In January of 2010, the Journal of the American Medical Association (JAMA) published several commentaries regarding the Task Force recommendations. DeAngelis and Fontanarosa4 wrote one such commentary in which they discuss the role and mission of the task force as well as the importance of physicians and patients relying on unbiased available evidence regarding breast cancer screening.
There have been many published studies reporting on screening mammography, yet the USPSTF did not include these in the decision-making process if they were not RCTs. As shown by two observational studies of both the screened and unscreened populations, there was a reported reduction of 30 percent to 40 percent in breast cancer mortality for women in their 40s.5 This information was not included in the USPSTF’s review.
Dr. Berg5 discussed how the RCT’s used by the task force underestimated the true benefits of screening, stressing that an assumed 30 percent reduction in breast cancer deaths prevents more than 2,000 deaths per year in the Unites States for women in their 40s. Dr. Berg also points out a very important fact that the task force did not consider: 75 percent of newly diagnosed breast cancers of women in their 40s were in women with no associated risk factors and that cancers found in this younger population tend to be more aggressive. She re-enforced that mammography is the only test to date that reduces mortality due to breast cancer, and that screening is appropriate starting at 40 and should continue as long as a patient is in good health.
A long-term study, well known in the breast imaging community, conducted by Tabar and colleagues6 began to evaluate mammography screening in the early 1980s in two counties in Sweden. From the onset of the study, it has reflected the benefits screening mammography provides to women. To date Tabar’s study is one of the most extensive and longest-running studies looking at the benefits of screening mammography.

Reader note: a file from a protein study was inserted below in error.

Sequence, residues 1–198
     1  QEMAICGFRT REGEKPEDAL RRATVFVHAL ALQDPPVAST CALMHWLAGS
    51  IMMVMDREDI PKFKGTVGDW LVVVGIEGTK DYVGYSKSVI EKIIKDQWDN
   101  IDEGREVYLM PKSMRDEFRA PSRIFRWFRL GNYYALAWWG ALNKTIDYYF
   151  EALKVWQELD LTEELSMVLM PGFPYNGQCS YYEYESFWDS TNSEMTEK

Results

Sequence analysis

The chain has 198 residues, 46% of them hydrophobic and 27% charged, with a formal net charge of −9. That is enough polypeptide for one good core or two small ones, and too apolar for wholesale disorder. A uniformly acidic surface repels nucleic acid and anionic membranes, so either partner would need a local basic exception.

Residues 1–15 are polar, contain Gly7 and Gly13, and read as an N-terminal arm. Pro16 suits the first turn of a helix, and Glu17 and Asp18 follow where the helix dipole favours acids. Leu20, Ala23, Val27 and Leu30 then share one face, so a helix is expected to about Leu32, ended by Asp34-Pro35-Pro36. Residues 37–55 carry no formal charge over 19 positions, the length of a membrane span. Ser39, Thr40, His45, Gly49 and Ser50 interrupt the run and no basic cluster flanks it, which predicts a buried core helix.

As recently as June 2011, 29 years after the start of the study, additional results were released,7 continuing to provide evidence of the long-term benefits of regular mammography screening. The study, which has included 130,000 women, has shown that 30 percent fewer women in the group obtaining screening died of breast cancer and this effect continued to persist over the years. This study initially began with utilizing single view mammography with interval screening at 23 to 33 months, with the belief that had they utilized the two-view mammogram and screened at 12-month intervals, the impact on screening would have been even greater.
In a 2009 ACR Chair’s Memo8 (published in the Journal of the American College of Radiology), Dr. James Thrall passionately discusses the flaws in which the Task Force gathered data, using science with some recommendations and theory with other recommendations. He points out that the recommendations were “startling for the lack of evidence to support them,” especially when addressing the harms of unnecessary treatment and radiation exposure, when there is no existing data on “whether women are willing to trade years of their lives for the supposed reduced anxiety of not going through the screening process with its inevitable false-positives and risks of over treatment.” Another observation he made was the fact that none of the Task Force members had expertise in imaging or breast cancer screening, stating on one hand that there is the need for non-bias within the statistical evaluation. However it is questionable how the same group was able to voice their subjective view regarding anxiety negating the benefits of screening without any expertise or first-hand experience on the matter. Dr. Thrall questioned why the Task Force favored modeling as opposed to direct data from other countries regarding decreased mortality and went on to state that their main goal should have been to get the numbers correct rather than basing the recommendations on theoretical models.